Bioceramic custom bone

1 (1.6)

 Calcium phosphate

1 (1.6)

 Calcium phosphate + autograft

1 (1.6)

 Glass fiber–reinforced composite

1 (1.6)

 Hydroxyapatite

4 (6.3)

 Methylmethacrylate

12 (18.8)

 Methylmethacrylate + titanium mesh

1 (1.6)

 PEEK

1 (1.6)

 Polyethylene

1 (1.6)

 Titanium mesh + autograft

1 (1.6)

Autologous cranioplasty

Most of the first cranioplasties after craniectomy were autologous bone flap reimplants (n = 40, 62.5%) that were sterilized between surgeries using cryosterilization or cryosterilization plus radiation. The majority of bone flaps were stored frozen. On average, the time interval between craniectomy and autologous cranioplasties was 4.5 ± 4.8 months.

Resorption of the autologous bone graft occurred in the majority of cases (23/40–57.5%, Table 4). The mean time interval between cranioplasty and documentation of bone graft resorption was 14.8 ± 18.7 months. Young age (under 6 years) was not found to be a significant predictor of bone resorption (OR 2.11, 95% CI 0.56–8.67). Figure 1 shows the risk of resorption with time interval to autologous cranioplasty and age at craniectomy, especially when the time interval exceeds 7 months.
Table 4

Complications and revisions following cranioplasty

Variable

Autografts (N = 40)*

Cranial implants (N = 24)*

p value

Resorption of autologous bone graft

23 (57.5)

N/A

 

Infection

4 (10.0)

0 (0.0)

NS

Cranioplasty loosening

0 (0.0)

3 (12.5)

NS

Hematoma

2 (5.0)

0 (0.0)

NS

Extra bone formation, disfiguring

N/A

1 (4.2)

 

Need for redo cranioplasty

20 (50.0)

2 (8.3)

p < 0.001

*All data given as number of patients (%) unless otherwise indicated

N/A, not applicable; NS, not significant

Fig. 1

Risk of resorption with time interval to autologous cranioplasty and age at craniectomy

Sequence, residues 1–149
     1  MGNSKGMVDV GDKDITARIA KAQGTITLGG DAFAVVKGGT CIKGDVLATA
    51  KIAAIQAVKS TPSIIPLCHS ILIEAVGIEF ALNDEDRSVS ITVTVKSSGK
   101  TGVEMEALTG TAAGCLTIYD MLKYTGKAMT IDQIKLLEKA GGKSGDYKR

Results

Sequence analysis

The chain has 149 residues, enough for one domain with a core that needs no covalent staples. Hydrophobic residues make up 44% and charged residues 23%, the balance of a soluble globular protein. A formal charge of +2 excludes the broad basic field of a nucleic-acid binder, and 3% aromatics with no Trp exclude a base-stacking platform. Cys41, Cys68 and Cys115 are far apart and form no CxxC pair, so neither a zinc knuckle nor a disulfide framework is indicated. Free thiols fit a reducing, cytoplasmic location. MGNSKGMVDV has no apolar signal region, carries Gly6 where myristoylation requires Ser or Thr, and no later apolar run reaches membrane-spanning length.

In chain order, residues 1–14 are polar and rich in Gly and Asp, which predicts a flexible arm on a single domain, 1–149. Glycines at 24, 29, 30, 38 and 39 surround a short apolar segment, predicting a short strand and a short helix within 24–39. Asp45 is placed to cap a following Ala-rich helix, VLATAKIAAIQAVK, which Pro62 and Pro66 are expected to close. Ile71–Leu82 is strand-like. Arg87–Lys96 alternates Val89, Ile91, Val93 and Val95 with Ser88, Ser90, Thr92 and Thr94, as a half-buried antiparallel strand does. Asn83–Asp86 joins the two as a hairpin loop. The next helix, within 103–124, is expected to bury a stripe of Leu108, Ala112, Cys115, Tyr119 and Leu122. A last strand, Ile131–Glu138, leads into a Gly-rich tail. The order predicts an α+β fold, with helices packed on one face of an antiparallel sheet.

Out of the 23 bone resorption cases, 16 cases underwent revision surgery using PEEK in 5 cases, methyl methacrylate in 3 cases, polyethylene and titanium mesh in 3 cases, bioceramic custom bone in 2 cases, and titanium, polyethylene, and split cranial autograft each in 1 case. In no cases, a second revision cranioplasty was needed.

In the autologous group, infection occurred in 4 cases (10.0%). The infected bone flaps were then removed and replaced by either a split cranial autograft or a cranial implant (methyl methacrylate or glass fiber–reinforced composite).

A total of 20 patients underwent revision surgery using mostly a cranial implant. In no cases, a second revision was necessary.

Cranial implants

In 24 (37.5%) of post-craniectomy cases, a cranial implant was used. The mean time interval between craniectomy and cranioplasty was 10.5 ± 13.9 months. Methyl methacrylate was the most frequently used material (n = 12, 18.8%).

The most common complication of the cranial implants was implant loosening, which occurred in 3 of the 5 calcium phosphate and hydroxyapatite implants (and none of the other cranial implants). In two of these cases, revision surgery was done using another type of cranial implant (methyl methacrylate or titanium mesh). One patient received a cranial implant made of autologous bone in combination with a titanium mesh, and, in this case, resorption of the autologous material occurred.

A total of two patients underwent revision surgery using a cranial implant, and there were no second revisions necessary. This number was significantly lower (p < 0.001) than the amount of revision cranioplasties in the autologous group (Table 4). Other differences in cranioplasty strategies and post-cranioplasty outcomes between autografts and cranial implants are shown in Fig. 2. Figure 3 shows the differences between strategies and outcomes within the various medical centers included in this study.
Fig. 2

Differences between autografts and cranial implants

Fig. 3

Differences between various medical centers

Discussion

This Canadian-Dutch multicenter retrospective cohort study was a collaborative effort, with a relatively long follow-up period, involving four different pediatric neurosurgical hospitals (University Medical Center Utrecht, British Columbia Children’s Hospital, University Hospital Center Sainte Justine, Children’s Hospital of Eastern Ontario), to obtain a better understanding of cranioplasty strategies, complications, and long-term outcomes in children.